A group of scientists has revealed that an ear chamber filled with ions and which produces an electrical potential to drive neural signals can be used to power medical devices.
A team of researchers from MIT, the Massachusetts Eye and Ear Infirmary (MEEI) and the Harvard-MIT Division of Health Sciences and Technology (HST) demonstrated for the first time that this natural battery could power implantable electronic devices without impairing hearing.
The devices could monitor biological activity in the ears of people with hearing or balance impairments, or responses to therapies.
In experiments, Konstantina Stankovic, an otologic surgeon at MEEI, and HST graduate student Andrew Lysaght implanted electrodes in the biological batteries in guinea pigs' ears.
Attached to the electrodes were low-power electronic devices developed by MIT's Microsystems Technology Laboratories (MTL).
After the implantation, the guinea pigs responded normally to hearing tests, and the devices were able to wirelessly transmit data about the chemical conditions of the ear to an external receiver.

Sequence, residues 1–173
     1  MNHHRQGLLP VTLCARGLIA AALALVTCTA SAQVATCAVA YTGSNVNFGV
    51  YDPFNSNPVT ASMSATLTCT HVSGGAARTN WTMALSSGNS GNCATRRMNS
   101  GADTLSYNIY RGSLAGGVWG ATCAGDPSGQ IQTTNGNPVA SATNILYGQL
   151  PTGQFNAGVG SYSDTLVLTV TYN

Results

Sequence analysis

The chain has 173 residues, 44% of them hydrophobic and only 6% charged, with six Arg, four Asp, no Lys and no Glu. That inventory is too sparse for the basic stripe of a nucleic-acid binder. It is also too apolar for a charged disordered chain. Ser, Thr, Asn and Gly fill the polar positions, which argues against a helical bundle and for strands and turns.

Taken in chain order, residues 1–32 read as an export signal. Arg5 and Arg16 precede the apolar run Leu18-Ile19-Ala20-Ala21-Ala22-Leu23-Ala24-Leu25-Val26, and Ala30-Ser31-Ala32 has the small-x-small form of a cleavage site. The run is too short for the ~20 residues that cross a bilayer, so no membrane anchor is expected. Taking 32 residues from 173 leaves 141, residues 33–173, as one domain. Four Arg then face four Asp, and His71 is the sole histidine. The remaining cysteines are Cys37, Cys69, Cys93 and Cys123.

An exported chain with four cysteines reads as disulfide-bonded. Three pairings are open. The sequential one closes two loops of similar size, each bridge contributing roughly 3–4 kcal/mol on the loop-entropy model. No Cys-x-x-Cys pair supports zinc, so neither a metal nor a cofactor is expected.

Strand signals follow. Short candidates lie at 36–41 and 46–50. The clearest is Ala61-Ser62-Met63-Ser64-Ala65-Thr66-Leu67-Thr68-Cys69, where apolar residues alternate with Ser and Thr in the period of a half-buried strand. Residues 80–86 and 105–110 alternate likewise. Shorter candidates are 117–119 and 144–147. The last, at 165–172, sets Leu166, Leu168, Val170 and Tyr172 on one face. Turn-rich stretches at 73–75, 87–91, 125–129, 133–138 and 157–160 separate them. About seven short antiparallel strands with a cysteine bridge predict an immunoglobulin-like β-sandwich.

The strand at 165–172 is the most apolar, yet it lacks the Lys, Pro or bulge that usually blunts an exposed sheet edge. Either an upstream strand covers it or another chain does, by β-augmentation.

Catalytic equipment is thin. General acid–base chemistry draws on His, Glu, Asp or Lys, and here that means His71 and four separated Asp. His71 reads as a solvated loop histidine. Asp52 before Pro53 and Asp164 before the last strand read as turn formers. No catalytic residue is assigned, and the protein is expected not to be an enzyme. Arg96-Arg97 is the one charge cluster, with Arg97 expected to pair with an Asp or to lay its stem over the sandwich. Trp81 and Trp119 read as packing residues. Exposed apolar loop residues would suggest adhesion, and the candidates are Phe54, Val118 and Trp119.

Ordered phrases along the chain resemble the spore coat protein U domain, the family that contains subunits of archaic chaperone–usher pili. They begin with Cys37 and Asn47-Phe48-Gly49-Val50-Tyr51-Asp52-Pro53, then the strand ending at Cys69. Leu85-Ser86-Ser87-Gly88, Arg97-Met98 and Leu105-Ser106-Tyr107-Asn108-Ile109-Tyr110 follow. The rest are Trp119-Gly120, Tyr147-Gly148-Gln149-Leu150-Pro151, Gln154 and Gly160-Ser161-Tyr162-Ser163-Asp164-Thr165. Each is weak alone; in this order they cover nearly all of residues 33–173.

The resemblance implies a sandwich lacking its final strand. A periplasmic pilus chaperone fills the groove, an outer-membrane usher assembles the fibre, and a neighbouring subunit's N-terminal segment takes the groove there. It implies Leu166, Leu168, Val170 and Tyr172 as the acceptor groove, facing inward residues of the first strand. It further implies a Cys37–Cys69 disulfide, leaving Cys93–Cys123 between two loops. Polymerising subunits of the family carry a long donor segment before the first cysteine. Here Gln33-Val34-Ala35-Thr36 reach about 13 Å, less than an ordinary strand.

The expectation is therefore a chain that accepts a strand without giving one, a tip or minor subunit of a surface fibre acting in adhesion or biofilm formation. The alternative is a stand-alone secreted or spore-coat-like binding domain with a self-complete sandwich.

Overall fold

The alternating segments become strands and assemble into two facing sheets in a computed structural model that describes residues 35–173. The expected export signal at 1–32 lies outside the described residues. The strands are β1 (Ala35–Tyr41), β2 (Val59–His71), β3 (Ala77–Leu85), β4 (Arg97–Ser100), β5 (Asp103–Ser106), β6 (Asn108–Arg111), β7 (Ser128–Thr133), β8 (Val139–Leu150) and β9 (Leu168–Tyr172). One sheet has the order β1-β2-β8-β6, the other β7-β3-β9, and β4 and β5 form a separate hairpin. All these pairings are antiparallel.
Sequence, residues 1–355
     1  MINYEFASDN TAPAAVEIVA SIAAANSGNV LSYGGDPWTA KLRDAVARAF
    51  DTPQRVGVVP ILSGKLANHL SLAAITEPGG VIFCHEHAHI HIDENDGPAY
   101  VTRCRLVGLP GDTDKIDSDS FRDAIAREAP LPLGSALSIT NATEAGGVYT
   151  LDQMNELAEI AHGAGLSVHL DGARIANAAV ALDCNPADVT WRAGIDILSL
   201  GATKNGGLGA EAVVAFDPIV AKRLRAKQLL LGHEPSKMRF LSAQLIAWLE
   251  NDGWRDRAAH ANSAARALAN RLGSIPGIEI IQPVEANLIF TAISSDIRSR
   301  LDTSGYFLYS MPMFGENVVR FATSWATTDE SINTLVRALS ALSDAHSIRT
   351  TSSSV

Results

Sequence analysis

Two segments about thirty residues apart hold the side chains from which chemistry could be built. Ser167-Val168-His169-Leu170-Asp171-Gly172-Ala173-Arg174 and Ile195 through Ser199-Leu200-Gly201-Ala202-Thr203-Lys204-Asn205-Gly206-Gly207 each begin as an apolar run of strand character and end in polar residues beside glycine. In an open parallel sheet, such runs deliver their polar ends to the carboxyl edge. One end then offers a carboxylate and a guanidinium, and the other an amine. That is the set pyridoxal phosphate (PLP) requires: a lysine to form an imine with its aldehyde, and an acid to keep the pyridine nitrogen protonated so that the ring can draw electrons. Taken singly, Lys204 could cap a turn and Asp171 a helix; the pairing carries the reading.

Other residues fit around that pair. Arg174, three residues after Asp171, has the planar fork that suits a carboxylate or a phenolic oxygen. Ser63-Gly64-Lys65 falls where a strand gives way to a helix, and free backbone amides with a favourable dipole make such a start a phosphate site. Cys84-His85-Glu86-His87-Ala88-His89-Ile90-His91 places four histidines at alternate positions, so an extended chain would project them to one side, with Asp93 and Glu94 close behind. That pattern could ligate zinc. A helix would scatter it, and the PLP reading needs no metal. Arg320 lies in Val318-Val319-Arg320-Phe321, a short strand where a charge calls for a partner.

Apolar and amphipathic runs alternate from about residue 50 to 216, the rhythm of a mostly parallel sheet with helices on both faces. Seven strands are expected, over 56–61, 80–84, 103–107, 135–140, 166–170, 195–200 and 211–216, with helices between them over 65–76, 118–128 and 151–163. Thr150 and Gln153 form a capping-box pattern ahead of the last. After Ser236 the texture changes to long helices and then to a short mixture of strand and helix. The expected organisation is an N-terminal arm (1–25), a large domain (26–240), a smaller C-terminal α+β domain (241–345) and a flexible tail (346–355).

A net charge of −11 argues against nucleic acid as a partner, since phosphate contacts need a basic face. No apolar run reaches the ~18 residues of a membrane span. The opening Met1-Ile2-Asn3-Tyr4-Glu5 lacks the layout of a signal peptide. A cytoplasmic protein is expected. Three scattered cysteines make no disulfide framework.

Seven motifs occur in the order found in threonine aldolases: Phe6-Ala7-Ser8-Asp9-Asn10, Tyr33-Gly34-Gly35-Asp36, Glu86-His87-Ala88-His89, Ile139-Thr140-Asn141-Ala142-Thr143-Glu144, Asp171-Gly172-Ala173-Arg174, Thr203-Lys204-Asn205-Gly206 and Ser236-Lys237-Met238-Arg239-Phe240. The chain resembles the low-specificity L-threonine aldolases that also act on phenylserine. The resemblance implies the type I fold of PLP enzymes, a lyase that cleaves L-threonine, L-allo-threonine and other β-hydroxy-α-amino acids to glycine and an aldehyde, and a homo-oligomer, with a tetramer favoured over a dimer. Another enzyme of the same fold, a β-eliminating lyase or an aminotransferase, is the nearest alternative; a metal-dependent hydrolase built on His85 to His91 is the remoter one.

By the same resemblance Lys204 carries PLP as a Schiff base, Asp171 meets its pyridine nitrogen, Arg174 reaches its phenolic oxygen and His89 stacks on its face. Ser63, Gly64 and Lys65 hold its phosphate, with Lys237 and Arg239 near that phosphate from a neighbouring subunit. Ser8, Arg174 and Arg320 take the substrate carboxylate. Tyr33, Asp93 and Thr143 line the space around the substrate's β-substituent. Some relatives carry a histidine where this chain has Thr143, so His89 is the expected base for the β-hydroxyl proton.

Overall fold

The ear converts a mechanical force - the vibration of the eardrum - into an electrochemical signal that can be processed by the brain; the biological battery is the source of that signal's current.
The MTL researchers - Anantha Chandrakasan, who heads MIT's Department of Electrical Engineering and Computer Science; his former graduate student Patrick Mercier, and Saurav Bandyopadhyay, a graduate student in Chandrakasan's group - equipped their chip with an ultralow-power radio transmitter.
But while the radio is much more efficient than those found in cellphones, it still couldn't run directly on the biological battery.
So the MTL chip also includes power-conversion circuitry - like that in the boxy converters at the ends of many electronic devices' power cables - that gradually builds up charge in a capacitor.
The research is published in journal Nature Biotechnology.